Christmas lights are well known for faulty wiring

A little over a week ago a terrorist suicide bomber attempted to explode a bomb strapped to his body as he went through the crowded New York subway system near Times Square. While the bomb attempt did injure a few people and did not kill him, luckily a faulty wire failed to trigger the full impact of his homemade device and no lives were lost.
An observant Betterhalf after seeing the newscast said, “The bomber must not have been very smart. I could have told him the bomb wasn’t going to work.”
Foolishly I asked her, “Why?”
She explained that the wire he used to hopefully detonate the bomb was wire from Christmas tree lights. The Betterhalf then continued, “From my experience with my Christmas lights I have found about 50 percent of the lights fail shortly after I get them on the tree and the cause is from faulty wiring.”
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One Christmas tradition continues and appears never to change. Watching people at the toy counters we have come to the conclusion there are no adults, just children of varying ages. All are intrigued with toys.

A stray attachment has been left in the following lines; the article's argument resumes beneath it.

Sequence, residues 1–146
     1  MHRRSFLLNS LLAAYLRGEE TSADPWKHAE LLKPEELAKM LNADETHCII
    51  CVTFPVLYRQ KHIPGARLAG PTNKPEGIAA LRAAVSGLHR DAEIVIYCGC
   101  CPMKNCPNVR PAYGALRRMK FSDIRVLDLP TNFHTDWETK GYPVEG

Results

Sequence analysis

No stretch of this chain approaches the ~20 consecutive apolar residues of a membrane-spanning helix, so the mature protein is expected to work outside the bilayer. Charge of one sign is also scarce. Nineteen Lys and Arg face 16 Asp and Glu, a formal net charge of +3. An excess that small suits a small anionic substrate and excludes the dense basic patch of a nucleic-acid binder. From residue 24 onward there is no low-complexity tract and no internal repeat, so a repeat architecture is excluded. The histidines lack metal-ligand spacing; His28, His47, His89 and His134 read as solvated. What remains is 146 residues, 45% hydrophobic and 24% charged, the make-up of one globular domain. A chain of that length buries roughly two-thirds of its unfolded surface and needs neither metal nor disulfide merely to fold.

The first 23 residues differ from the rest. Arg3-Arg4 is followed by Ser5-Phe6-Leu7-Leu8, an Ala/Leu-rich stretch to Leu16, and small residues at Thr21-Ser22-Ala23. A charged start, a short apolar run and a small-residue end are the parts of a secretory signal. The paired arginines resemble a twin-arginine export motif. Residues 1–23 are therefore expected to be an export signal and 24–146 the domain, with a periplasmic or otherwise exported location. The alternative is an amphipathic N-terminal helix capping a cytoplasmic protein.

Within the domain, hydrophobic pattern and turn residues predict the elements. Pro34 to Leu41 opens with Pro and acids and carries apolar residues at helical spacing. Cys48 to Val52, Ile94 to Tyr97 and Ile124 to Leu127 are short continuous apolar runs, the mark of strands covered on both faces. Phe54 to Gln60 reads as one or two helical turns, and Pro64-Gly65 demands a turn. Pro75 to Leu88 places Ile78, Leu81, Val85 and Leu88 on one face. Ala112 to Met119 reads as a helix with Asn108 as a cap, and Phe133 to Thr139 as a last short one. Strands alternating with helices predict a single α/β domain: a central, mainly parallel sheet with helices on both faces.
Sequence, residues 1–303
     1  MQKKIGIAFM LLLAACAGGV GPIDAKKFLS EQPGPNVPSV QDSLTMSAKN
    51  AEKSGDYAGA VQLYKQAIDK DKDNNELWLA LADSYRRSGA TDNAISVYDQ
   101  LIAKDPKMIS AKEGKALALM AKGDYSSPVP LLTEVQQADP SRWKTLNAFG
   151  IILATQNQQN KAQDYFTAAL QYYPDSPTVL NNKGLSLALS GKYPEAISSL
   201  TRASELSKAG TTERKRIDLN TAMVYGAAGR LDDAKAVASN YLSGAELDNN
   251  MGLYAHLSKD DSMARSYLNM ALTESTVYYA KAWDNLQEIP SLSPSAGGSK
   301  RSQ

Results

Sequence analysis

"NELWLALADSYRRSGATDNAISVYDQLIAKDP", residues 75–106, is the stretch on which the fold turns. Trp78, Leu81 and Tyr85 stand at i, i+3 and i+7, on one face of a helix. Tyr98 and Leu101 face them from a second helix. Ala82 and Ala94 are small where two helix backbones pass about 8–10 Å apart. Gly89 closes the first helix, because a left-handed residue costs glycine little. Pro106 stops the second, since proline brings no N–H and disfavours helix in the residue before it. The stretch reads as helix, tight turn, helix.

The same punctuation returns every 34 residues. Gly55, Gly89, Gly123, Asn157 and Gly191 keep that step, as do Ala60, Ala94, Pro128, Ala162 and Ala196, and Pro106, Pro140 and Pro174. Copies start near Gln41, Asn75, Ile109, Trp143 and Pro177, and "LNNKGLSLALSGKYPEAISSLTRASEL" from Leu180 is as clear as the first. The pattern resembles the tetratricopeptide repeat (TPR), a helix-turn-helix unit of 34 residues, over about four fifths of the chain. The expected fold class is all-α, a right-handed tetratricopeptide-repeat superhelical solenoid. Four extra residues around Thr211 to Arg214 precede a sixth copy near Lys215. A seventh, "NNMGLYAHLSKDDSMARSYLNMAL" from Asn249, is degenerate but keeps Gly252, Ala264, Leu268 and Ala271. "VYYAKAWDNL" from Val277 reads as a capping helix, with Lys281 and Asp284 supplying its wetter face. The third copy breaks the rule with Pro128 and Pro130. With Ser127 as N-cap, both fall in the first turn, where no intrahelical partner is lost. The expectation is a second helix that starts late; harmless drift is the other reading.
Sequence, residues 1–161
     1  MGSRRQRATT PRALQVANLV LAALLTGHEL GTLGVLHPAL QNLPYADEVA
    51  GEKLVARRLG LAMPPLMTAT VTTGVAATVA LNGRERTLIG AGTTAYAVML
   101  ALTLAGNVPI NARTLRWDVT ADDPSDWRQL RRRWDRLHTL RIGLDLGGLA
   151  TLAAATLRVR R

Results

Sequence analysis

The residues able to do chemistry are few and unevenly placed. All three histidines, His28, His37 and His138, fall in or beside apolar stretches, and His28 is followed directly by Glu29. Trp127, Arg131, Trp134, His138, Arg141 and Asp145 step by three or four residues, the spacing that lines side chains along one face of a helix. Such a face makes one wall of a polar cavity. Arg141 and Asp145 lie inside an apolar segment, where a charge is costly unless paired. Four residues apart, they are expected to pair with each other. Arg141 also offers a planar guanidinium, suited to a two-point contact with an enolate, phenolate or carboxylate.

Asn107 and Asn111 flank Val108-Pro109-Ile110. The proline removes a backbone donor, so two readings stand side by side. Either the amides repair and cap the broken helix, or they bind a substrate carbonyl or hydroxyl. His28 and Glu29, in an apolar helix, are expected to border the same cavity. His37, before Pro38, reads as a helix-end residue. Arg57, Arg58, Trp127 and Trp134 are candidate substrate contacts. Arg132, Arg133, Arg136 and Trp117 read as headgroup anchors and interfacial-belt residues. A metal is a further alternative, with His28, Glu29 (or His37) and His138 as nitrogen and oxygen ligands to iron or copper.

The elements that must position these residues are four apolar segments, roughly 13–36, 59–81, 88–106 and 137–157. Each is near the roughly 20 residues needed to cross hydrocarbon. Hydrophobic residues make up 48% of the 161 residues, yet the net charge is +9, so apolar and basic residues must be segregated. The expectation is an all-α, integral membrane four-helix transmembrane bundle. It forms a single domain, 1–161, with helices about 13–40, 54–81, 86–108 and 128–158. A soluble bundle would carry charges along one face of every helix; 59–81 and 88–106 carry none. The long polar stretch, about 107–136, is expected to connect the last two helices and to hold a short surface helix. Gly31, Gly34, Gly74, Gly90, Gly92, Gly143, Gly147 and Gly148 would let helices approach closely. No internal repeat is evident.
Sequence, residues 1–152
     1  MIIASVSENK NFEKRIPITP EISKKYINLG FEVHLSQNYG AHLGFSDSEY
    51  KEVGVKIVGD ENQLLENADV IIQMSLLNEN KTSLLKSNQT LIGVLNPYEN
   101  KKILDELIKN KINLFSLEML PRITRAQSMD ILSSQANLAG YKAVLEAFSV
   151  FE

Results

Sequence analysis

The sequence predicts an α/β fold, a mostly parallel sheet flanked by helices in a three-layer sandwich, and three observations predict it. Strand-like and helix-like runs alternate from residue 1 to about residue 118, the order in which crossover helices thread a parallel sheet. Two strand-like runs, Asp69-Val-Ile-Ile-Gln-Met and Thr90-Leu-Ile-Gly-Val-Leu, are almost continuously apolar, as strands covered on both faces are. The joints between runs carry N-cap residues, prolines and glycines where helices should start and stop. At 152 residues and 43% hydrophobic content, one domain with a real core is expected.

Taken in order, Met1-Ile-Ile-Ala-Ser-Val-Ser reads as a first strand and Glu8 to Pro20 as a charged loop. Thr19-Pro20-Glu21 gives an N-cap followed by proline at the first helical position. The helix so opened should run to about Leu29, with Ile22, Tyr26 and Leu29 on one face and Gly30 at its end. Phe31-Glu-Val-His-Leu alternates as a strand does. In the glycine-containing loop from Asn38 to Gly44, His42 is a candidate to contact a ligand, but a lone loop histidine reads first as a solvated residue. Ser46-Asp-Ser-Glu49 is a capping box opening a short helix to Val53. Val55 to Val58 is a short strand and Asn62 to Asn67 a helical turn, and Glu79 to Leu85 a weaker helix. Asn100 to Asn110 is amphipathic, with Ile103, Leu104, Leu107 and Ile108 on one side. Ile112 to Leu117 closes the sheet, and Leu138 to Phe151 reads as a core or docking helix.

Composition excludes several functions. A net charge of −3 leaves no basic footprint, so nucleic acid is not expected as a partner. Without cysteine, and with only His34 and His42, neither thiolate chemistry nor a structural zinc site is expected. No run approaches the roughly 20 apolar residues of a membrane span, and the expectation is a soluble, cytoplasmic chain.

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Christmas shopping is not as much fun as it once was. We have no wee ones in our clan anymore and it is tough trying to find a special Christmas gift particularly for the grandkids who are a near-teenager, teenager, or adults. Video games might be the answer for a couple of them, but I don’t understand the complexity of such games and besides it irritates me to see young’uns having their faces buried in a screen. The young adults are the easiest to shop for. They would rather have a monetary check. So this year it was checks to all four grandkids -- young or old.
I solved the problem of gifting for the Betterhalf. An early Christmas came to her when she picked out a new stove with features I don’t understand.
   My gifting actually proved pretty smart even when I was apprehensive about buying a “working gift” for her kitchen. Since installing the gift we now have an early abundance of Christmas cookies, candies and other goodies. The “abundance” had one downfall. I’ve put on additional pounds and Christmas hasn’t even arrived!
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Summing up this column, the Betterhalf and I want to wish you a “Merry Christmas” and don’t forget the real meaning of the season.
RL Furse  is publisher emeritus of the News-Register

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